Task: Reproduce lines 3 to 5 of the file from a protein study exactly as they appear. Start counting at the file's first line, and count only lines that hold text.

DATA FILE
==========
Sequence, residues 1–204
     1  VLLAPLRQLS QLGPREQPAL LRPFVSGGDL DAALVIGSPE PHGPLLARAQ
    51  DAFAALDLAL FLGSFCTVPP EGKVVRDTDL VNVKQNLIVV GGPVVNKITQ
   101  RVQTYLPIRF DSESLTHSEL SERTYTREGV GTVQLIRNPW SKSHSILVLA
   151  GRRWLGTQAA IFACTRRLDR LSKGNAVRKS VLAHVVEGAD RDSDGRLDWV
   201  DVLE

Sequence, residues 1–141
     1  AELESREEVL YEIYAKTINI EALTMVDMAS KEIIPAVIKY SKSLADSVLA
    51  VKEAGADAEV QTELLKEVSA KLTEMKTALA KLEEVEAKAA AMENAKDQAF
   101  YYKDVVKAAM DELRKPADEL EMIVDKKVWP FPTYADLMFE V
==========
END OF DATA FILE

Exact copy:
    51  DAFAALDLAL FLGSFCTVPP EGKVVRDTDL VNVKQNLIVV GGPVVNKITQ
   101  RVQTYLPIRF DSESLTHSEL SERTYTREGV GTVQLIRNPW SKSHSILVLA
   151  GRRWLGTQAA IFACTRRLDR LSKGNAVRKS VLAHVVEGAD RDSDGRLDWV